Book Club Recommendations for May 2021
Specially curated book clubs picks that are sure to spark a lively discussion!
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Deacon King Kong
In September 1969, a fumbling, cranky old church deacon known as Sportcoat shuffles into the courtyard of the Cause Houses housing project in south Brooklyn, pulls a .38 from his pocket, and in front of everybody shoots the project’s drug dealer at point-blank range.
In Deacon King Kong, McBride brings to vivid life the people affected by the shooting: the victim, the African-American and Latinx residents who witnessed it, the white neighbors, the local cops assigned to investigate, the members of the Five Ends Baptist Church where Sportcoat was deacon, the neighborhood’s Italian mobsters, and Sportcoat himself.
As the story deepens, it becomes clear that the lives of the characters–caught in the tumultuous swirl of 1960s New York–overlap in unexpected ways. When the truth does emerge, McBride shows us that not all secrets are meant to be hidden, that the best way to grow is to face change without fear, and that the seeds of love lie in hope and compassion.
How the One-Armed Sister Sweeps Her House
In the tradition of Zadie Smith and Marlon James, a debut novel, set in Barbados, about four people confronting violence and love in a beachfront “paradise”
In Baxter’s Beach, Barbados, Lala’s grandmother Wilma tells the story of the one-armed sister, a cautionary tale about what happens to girls who disobey their mothers and go into the Baxter’s Tunnels. When she’s grown-up, Lala lives on the beach with her husband, Adan, a petty criminal with endless charisma whose thwarted burglary of one of the beach mansions sets off a chain of events with terrible consequences. A gunshot no one was meant to witness. A new mother whose baby is found lifeless on the beach. A woman torn between two worlds and incapacitated by grief. And two men, driven into the Tunnels by desperation and greed, who attempt a crime that may cost them their freedom—and their lives.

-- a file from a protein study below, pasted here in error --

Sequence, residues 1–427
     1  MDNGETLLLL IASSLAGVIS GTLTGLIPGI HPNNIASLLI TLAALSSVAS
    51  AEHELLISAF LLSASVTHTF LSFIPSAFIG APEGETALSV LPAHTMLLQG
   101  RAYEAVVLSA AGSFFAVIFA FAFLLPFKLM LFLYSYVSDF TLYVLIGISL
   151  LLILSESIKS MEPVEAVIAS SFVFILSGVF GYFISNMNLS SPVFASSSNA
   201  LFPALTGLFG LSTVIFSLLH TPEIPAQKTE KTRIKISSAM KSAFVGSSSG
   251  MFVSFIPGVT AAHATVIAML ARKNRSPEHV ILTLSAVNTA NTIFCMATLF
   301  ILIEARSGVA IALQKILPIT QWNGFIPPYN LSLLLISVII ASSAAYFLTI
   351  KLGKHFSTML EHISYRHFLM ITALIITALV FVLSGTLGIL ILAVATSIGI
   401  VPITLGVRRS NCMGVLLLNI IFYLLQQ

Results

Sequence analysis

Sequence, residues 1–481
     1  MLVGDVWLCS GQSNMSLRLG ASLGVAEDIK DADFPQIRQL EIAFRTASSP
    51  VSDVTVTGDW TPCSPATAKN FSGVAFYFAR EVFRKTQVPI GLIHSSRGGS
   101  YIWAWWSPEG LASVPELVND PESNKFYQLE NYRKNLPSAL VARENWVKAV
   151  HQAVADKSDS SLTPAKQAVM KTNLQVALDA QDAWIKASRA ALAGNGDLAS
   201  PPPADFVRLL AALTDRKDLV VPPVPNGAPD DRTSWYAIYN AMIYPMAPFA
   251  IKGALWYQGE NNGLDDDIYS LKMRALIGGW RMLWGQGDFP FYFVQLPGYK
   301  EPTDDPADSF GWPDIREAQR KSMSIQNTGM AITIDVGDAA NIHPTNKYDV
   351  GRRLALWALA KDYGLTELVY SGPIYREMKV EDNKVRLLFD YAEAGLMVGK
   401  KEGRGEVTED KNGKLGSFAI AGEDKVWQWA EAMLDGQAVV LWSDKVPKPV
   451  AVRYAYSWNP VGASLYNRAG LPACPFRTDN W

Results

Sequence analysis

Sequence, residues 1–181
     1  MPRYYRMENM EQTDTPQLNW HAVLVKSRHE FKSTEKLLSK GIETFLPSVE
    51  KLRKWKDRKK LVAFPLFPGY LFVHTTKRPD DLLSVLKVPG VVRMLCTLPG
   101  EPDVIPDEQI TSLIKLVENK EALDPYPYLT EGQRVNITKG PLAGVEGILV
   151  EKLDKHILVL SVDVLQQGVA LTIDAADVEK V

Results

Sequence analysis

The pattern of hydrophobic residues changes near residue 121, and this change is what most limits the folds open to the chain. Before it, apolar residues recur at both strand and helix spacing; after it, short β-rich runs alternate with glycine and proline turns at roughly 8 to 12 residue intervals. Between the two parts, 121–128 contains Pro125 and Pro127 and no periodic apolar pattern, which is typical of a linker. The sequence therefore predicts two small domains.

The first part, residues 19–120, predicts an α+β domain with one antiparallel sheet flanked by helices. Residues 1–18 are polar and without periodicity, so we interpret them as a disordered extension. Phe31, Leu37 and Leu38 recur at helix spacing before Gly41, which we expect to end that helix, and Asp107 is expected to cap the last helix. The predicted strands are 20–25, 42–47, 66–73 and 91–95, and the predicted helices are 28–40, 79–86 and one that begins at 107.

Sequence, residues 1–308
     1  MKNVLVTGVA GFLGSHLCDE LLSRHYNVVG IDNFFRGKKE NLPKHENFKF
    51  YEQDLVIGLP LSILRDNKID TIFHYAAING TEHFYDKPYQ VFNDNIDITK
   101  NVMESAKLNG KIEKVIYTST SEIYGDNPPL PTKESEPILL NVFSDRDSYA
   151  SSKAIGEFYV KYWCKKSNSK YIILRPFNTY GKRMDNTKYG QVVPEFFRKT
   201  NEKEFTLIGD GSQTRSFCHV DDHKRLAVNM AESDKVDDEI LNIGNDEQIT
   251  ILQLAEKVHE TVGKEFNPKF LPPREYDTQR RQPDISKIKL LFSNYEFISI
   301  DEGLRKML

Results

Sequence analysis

How the One-Armed Sister Sweeps Her House is an intimate and visceral portrayal of interconnected lives across race and class in a rapidly changing resort town, told by an astonishing new author of literary fiction.
“You’re gonna need a rock and a whole lotta medicine” is a mantra that Jonny Appleseed, a young Two-Spirit/Indigiqueer, repeats to himself in this vivid and utterly compelling novel. Off the reserve and trying to find ways to live and love in the big city, Jonny becomes a cybersex worker who fetishizes himself in order to make a living. Self-ordained as an NDN glitter princess, Jonny has one week before he must return to the “rez,” and his former life, to attend the funeral of his stepfather. The next seven days are like a fevered dream: stories of love, trauma, sex, kinship, ambition, and the heartbreaking recollection of his beloved kokum (grandmother). Jonny’s world is a series of breakages, appendages, and linkages–and as he goes through the motions of preparing to return home, he learns how to put together the pieces of his life. Jonny Appleseed is a unique, shattering vision of Indigenous life, full of grit, glitter, and dreams.
Like Rum-Drunk Angels
Francis Blackstone is a fourteen-year-old gunslinger with a heart of gold.
He’s fallen for the mayor’s daughter and resolves to make his mark, and his fortune, to win her favour. And what better way than to rob a Manhattan Company bank? Enter Bob Temple, the volatile outlaw who takes Francis under his wing— though not without a degree of suspicion— and so begins the adventures of the Blackstone Temple Gang as they crisscross the west in search of treasure, redemption, and the possibility of requited love.
After an encounter with a rival gang, Francis and Bob Temple are chased over the Sierras to California, where they enjoy unexpected fame as gentleman bandits. But their newfound celebrity brings hardships as well, and when their final job takes a startling turn, Francis is forced to discover what it means to make peace with a world that stands against him.
At once a tribute to boyhood enthusiasm and the heroes of classical quests, Like Rum-Drunk Angels is an offbeat, slightly magical, entirely original retelling of Aladdin as an American western.